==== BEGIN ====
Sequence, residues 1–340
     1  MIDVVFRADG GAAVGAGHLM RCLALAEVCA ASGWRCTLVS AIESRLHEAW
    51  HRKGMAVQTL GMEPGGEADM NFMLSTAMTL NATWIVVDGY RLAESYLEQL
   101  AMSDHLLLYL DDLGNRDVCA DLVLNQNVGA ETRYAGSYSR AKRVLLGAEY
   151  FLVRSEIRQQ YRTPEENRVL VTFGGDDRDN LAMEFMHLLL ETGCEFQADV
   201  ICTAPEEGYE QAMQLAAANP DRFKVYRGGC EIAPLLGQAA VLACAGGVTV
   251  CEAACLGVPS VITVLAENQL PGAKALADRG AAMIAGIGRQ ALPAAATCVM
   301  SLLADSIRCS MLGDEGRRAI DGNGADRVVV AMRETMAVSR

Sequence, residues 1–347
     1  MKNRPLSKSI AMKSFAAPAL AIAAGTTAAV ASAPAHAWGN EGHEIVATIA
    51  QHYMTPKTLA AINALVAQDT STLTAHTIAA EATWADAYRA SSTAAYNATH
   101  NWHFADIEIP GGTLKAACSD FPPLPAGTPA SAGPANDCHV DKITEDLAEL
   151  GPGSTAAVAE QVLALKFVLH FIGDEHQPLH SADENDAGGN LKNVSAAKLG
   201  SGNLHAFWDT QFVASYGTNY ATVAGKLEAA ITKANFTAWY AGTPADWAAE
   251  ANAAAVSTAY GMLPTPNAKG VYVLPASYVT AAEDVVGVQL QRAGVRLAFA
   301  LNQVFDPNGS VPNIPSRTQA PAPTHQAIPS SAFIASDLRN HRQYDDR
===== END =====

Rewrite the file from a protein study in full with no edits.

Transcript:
Sequence, residues 1–340
     1  MIDVVFRADG GAAVGAGHLM RCLALAEVCA ASGWRCTLVS AIESRLHEAW
    51  HRKGMAVQTL GMEPGGEADM NFMLSTAMTL NATWIVVDGY RLAESYLEQL
   101  AMSDHLLLYL DDLGNRDVCA DLVLNQNVGA ETRYAGSYSR AKRVLLGAEY
   151  FLVRSEIRQQ YRTPEENRVL VTFGGDDRDN LAMEFMHLLL ETGCEFQADV
   201  ICTAPEEGYE QAMQLAAANP DRFKVYRGGC EIAPLLGQAA VLACAGGVTV
   251  CEAACLGVPS VITVLAENQL PGAKALADRG AAMIAGIGRQ ALPAAATCVM
   301  SLLADSIRCS MLGDEGRRAI DGNGADRVVV AMRETMAVSR

Sequence, residues 1–347
     1  MKNRPLSKSI AMKSFAAPAL AIAAGTTAAV ASAPAHAWGN EGHEIVATIA
    51  QHYMTPKTLA AINALVAQDT STLTAHTIAA EATWADAYRA SSTAAYNATH
   101  NWHFADIEIP GGTLKAACSD FPPLPAGTPA SAGPANDCHV DKITEDLAEL
   151  GPGSTAAVAE QVLALKFVLH FIGDEHQPLH SADENDAGGN LKNVSAAKLG
   201  SGNLHAFWDT QFVASYGTNY ATVAGKLEAA ITKANFTAWY AGTPADWAAE
   251  ANAAAVSTAY GMLPTPNAKG VYVLPASYVT AAEDVVGVQL QRAGVRLAFA
   301  LNQVFDPNGS VPNIPSRTQA PAPTHQAIPS SAFIASDLRN HRQYDDR